That said, media digitisation has empowered minority groups whose issues were otherwise underreported by the national media. An “absolute increase” in the number of linguistic and regional news outlets has boosted local-level reportage of marginalised concerns, which are then picked up by the national media. It is also surprising to note that across the top 10 language dailies, readership of Times of India (English) has fallen compared to most of its peers like Dainik Jagran (Hindi), Dinakaran (Tamil), Ananda Bazar Patrika (Bangla), or Eenadu (Telugu). Independent websites of various factions in Kashmir, Dalit advocacy groups, and sexual minorities have also gained ground. In fact, independent mobile and online initiatives have expanded the media’s watchdog function with regards to the government, corporations and the mainstream media. This growing media space, however, is not properly regulated despite the fact that SMS news alerts and news sites are the most frequently accessed types of content via mobile phones. The lack of dedicated regulation has often led to sudden impositions to minimise the risk of defamation. In August 2012, for example, the Telecom Regulatory Authority of India (TRAI) limited the number of SMS/MMS sent by pre-paid mobile users to 20 per day for 15 days to control hate speech targeting the Assamese around the country when violence broke out in the state of Assam.

Digitisation also has the potential to reduce costs for businesses by expanding niche channels, portals and websites on one hand, and offering shared costs and bundled opportunities to advertisers on the other. Bennett, Coleman and Company Ltd is a fine example with its diversified portfolio comprising The Times of India, Economic Times, Times Now news channel and indiatimes.com. However, many other renowned businesses like the Network 18 Group, including the likes of CNN-IBN, have failed to harness dividends from convergence opportunities. In addition, the fragmented process of policymaking has resulted in uneven growth and protocols across the media. The report suggests that a combination of these issues may have led some businesses to resort to “unorthodox” practices of resource mobilisation, including private treaties and paid news. The study rightly notes: “Such an institutional milieu…creates a fertile ground for politicisation and favouritism in decisions on resource allocation, licensing criteria, and ownership protocols.”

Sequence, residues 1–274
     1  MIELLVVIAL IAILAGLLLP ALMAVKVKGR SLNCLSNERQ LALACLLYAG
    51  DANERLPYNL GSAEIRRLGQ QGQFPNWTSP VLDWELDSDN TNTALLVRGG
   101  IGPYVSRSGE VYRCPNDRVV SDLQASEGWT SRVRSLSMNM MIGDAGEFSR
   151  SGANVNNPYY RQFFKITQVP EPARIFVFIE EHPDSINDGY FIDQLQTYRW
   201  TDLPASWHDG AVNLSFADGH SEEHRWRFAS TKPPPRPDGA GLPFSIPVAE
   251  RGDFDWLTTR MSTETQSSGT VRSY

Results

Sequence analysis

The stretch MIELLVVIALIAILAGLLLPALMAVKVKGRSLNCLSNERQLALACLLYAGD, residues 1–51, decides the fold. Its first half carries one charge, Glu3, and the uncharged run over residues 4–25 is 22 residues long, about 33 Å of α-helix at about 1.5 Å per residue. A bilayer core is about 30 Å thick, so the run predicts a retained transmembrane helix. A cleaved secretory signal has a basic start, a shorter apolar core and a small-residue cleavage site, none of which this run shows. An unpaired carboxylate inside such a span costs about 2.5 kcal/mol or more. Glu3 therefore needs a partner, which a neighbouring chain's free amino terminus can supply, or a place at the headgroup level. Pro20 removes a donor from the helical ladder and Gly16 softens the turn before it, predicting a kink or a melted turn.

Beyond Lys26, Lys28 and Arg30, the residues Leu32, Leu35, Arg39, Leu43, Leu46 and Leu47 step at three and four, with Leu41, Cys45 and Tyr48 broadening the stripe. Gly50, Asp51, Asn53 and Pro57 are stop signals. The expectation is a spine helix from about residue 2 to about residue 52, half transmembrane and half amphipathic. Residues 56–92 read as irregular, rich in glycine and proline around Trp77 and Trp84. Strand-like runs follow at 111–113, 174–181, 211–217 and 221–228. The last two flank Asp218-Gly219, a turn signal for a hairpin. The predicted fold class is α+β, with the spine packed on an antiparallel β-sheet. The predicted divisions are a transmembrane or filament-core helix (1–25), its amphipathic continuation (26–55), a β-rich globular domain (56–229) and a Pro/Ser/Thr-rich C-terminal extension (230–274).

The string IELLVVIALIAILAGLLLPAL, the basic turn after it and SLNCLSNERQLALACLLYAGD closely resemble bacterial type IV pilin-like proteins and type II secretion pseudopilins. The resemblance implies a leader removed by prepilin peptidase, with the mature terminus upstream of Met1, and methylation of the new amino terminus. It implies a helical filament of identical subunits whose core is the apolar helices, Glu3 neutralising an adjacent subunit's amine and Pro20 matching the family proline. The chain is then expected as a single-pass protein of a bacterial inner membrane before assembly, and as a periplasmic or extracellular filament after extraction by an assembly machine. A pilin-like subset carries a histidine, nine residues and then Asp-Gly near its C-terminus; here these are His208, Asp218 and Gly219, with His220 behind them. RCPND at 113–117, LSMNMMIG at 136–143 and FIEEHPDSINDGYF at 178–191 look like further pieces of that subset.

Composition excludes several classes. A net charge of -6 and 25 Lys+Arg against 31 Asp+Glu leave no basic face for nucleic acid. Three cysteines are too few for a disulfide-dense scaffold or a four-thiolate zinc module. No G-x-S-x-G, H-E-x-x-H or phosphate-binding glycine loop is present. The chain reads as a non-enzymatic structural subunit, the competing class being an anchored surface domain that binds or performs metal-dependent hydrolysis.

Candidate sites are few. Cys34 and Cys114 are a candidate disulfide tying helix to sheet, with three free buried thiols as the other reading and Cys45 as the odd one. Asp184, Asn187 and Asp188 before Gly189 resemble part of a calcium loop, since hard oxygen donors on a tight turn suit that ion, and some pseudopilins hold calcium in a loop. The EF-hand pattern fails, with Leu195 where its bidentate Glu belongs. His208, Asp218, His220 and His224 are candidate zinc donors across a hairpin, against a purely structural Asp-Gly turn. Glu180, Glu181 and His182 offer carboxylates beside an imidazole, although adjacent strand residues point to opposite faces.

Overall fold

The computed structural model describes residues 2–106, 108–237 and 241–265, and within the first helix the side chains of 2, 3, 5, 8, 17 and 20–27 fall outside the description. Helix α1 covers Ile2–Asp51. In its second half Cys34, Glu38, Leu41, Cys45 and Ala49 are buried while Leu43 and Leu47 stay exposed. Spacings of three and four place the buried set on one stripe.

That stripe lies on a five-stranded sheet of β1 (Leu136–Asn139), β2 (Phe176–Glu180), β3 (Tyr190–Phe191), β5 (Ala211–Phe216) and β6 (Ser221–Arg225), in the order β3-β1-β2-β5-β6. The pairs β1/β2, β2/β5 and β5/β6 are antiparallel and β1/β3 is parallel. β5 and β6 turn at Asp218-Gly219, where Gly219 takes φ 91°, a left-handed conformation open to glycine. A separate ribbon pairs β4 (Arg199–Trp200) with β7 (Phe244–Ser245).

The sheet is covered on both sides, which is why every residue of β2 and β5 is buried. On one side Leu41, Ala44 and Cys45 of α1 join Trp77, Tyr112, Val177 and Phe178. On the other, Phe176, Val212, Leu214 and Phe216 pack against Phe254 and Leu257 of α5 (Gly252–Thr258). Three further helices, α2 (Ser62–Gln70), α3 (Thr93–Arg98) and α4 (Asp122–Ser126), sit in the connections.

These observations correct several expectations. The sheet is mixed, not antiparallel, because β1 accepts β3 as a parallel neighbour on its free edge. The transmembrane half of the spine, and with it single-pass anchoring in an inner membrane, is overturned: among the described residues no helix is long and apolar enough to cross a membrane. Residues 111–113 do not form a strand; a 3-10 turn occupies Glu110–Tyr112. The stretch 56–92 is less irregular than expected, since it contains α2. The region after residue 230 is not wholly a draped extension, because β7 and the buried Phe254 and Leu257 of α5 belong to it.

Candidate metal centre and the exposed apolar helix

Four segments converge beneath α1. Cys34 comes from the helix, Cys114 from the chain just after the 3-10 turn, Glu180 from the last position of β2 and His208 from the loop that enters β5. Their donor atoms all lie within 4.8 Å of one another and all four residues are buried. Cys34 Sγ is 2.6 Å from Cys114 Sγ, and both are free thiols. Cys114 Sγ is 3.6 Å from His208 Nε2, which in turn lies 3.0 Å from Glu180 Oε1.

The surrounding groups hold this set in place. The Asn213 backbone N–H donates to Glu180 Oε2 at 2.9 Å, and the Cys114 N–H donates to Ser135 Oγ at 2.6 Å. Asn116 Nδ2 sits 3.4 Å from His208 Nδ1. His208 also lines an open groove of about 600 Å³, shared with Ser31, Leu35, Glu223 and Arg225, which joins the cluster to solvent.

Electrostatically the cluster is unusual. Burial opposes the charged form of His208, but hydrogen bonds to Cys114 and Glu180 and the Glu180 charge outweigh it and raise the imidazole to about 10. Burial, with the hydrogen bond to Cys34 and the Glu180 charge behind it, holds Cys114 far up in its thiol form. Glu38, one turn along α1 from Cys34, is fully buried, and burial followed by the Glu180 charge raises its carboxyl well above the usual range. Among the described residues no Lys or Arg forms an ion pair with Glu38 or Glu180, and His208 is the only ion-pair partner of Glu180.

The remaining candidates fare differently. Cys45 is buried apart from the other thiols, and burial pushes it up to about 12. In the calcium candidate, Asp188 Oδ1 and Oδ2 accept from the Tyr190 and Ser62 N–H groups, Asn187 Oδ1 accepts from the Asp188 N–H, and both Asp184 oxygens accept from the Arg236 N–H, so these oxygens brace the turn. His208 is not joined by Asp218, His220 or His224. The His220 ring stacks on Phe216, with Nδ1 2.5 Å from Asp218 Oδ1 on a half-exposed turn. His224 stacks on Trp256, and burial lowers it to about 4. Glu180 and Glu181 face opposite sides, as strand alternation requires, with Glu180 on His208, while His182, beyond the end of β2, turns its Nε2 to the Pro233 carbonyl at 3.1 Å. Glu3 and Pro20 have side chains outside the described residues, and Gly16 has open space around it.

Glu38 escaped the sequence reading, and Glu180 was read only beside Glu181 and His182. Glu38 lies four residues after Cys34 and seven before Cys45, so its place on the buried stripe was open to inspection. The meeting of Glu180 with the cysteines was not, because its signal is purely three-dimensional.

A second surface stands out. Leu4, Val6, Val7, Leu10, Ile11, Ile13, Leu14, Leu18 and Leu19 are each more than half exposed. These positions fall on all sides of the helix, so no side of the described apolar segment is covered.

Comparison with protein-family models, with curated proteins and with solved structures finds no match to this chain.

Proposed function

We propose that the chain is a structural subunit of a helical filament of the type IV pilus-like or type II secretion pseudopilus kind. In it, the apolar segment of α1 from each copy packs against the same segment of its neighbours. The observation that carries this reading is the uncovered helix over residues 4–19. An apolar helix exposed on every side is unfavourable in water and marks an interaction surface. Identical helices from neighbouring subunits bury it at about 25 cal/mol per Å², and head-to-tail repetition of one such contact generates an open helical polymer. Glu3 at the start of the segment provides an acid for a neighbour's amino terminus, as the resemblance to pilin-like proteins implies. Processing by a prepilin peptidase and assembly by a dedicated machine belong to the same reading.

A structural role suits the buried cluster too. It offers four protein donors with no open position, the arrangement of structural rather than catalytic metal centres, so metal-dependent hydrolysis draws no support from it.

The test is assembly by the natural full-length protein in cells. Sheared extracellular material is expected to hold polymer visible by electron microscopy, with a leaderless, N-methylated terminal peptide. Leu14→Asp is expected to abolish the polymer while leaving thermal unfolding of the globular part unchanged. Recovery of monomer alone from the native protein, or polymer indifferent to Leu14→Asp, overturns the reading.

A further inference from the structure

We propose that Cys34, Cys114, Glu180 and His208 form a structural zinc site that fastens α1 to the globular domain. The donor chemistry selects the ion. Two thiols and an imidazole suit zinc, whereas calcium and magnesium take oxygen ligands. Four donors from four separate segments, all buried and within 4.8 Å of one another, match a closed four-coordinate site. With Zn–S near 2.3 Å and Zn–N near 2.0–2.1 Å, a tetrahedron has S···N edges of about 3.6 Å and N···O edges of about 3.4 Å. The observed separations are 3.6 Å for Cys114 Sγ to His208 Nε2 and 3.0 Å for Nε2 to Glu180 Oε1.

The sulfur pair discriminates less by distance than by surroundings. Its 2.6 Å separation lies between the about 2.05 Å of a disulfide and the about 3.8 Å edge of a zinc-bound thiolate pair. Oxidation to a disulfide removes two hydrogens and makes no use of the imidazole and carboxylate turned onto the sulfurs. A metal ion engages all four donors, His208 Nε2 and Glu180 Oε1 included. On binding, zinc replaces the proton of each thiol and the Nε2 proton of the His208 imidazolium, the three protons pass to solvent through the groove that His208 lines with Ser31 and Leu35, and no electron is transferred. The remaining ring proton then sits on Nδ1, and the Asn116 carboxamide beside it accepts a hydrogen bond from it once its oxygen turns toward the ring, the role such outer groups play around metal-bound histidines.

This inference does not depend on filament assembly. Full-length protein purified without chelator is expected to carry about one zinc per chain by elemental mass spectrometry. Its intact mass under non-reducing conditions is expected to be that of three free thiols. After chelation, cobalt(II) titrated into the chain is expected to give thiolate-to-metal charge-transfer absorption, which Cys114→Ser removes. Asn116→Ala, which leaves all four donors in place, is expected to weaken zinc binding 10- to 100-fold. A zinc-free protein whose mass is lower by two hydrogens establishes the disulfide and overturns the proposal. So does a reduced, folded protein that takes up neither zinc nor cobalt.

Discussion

The impact of digitisation on broadcast ownership is yet to unravel itself; the absence of an overarching regulatory framework leaves many legal loopholes on cross-ownership and concentration. Parthasarathi explains that “most last-mile cable relays are owned by small, localised entrepreneurs who are unable, or unwilling, to afford expensive equipment requisite for the digital switchover. So by compulsion or by choice, they prefer to sell off to large cable operators, inviting a spate of consolidations by such national or regional operators, as initial trends in Delhi reflected.”

This OSF study defines the strengths and weaknesses of a digital switchover in the Indian context, and reveals policy gaps which need to be addressed immediately. Currently, debates on policy options remain confined only to two issues—maximising government rents rather than public interest and nurturing private enterprise often at public cost. The authors highlight the urgent need for more independent, evidence-based decision-making to expand the scope of policy options and debate. And what is the fundamental impact that Parthasarathi and his colleagues hope for? “We want people to ponder these issues in an integrated and nuanced manner, rethinking the typical canvas of the numerous ‘sectoral’ reports brought out by government, trade bodies and consulting companies.”

(Follow Hemal Shah on Twitter @hemalshah_7)


This review article first appeared in India at LSE.